But the life that God gives cannot be taken away by the world. Jesus rose from the dead and by His Word, so will you. His Word spoken on the Last Day, telling you to rise from the sleep of death, and you will. But also his Word spoken to you now. Because everywhere the Word of God sounds, it brings forth life. For the creating God is creating still. The speaking God is speaking still. The giving God is giving still. Giving Himself, and so giving life.
And so you are baptized and the Spirit gives you new life as you are born again, born from above, born sons and daughters of a heavenly Father. Your sins slay you and you hear the Absolution where the Spirit gives you life in the forgiveness of your sins, the forgiveness the Son won for you on the cross. You hunger and thirst for a better life, a righteous life. You eat the Body and drink the Blood of Jesus, and the Spirit satisfies your hunger and thirst, giving you what you need, strengthening you in faith toward God and love toward your neighbor. You hear the words of the world and maybe are swayed by them, but then you hear the Gospel where the Spirit gives you life as you hear the truth of God and all that He has done for you and is doing for you still. You receive confidence and faith to face another day of assaults and attacks from the evil one.
So do words matter?
What would Adam and Eve have done without the Word of God? Noah would have perished with the rest of creation without the Word of God. Abraham would have no promise to believe, Moses no word to speak to Pharaoh, no forgiveness to give the people of Israel after they had bowed down to a golden calf. There would have been no forgiveness for David after his sin, no prophecies to give the people of Israel hope, no promises of a Saviour. No angel Gabriel speaking the Word of God through which the Spirit conceives a Saviour. No John the Baptist, no apostles, no hope. We born dead in our trespasses and sins would die dead in our trespasses and sin. Which is what God told Adam and Eve in the beginning, saying: the day you eat of that tree you will die dead. That’s the very literal translation of the Hebrew, which is not usually put into the English because it sounds funny, doesn’t it? For how else can you die? Well, you can die dead, dead in your trespasses and sins and be lost forever; or you can die alive - alive in Christ and by His Spirit to live forever with Him. The first - to die dead - you do apart from the Word of God. The second - to die alive - you are given with the Word of God.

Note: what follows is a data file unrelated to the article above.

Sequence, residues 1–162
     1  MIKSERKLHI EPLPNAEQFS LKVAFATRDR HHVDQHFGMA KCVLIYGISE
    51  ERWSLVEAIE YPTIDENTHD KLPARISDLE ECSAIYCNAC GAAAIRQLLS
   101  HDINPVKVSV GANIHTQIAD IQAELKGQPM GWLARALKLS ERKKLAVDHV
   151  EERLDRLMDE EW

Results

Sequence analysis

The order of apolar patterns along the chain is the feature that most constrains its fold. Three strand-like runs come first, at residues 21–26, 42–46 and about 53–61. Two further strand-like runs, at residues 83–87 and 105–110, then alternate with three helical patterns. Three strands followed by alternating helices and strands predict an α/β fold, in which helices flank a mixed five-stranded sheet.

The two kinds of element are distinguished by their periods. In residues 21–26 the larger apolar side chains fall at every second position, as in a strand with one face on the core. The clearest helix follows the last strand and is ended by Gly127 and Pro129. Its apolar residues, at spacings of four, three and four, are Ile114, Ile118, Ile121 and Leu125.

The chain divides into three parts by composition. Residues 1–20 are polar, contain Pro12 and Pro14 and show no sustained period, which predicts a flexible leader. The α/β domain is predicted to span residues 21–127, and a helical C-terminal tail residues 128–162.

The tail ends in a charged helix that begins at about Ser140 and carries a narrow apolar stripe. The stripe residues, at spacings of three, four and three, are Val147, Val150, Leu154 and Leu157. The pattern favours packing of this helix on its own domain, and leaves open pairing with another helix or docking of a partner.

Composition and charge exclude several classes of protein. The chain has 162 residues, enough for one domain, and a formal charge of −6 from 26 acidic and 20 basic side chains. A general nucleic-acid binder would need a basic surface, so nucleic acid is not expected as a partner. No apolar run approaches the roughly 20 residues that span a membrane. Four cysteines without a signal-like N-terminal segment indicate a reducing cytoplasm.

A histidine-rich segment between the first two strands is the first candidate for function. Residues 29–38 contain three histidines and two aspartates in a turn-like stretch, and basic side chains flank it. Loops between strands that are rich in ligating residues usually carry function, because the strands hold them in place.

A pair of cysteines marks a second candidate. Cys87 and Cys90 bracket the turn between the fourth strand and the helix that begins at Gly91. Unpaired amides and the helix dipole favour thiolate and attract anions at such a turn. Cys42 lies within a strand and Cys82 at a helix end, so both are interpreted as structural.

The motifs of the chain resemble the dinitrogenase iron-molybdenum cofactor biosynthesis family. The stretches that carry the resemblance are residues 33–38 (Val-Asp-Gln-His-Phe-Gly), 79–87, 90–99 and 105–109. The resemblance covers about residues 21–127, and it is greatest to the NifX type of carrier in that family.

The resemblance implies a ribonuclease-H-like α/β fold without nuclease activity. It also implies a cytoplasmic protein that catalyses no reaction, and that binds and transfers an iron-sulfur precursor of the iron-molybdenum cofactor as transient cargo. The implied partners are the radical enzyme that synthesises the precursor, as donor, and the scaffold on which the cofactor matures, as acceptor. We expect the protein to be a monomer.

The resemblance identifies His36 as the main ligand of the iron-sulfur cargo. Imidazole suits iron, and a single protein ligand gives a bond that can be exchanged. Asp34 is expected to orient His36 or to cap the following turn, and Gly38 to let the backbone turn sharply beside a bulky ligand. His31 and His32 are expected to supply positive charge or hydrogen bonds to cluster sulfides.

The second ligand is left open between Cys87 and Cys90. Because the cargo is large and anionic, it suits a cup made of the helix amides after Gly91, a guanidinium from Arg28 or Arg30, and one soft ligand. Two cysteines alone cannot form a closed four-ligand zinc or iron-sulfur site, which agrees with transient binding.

So do words matter?
The opening hymn today said it well. Thy Strong Word (LSB #578) created all things. Thy Strong Word came to live with us in the flesh. Thy Strong Word bespeaks us righteous. Thy Strong Word shined the wisdom and might of God from the cross. Thy Strong Word gives us lips and tongues, throats and mouths to speak Thy holy name. The Strong Word of the Father, the Son, and the Holy Spirit, who speaks and it is so. The triune God who speak to you and for you, that you too may speak. To Him in prayer, and to others. To others, to confess who He is, to speak the truth, and to give His forgiveness. Because words matter, and those words matter most of all. Words that speak life. Words that speak God for you.
In the Name of the Father, and of the (+) Son, and of the Holy Spirit. Amen.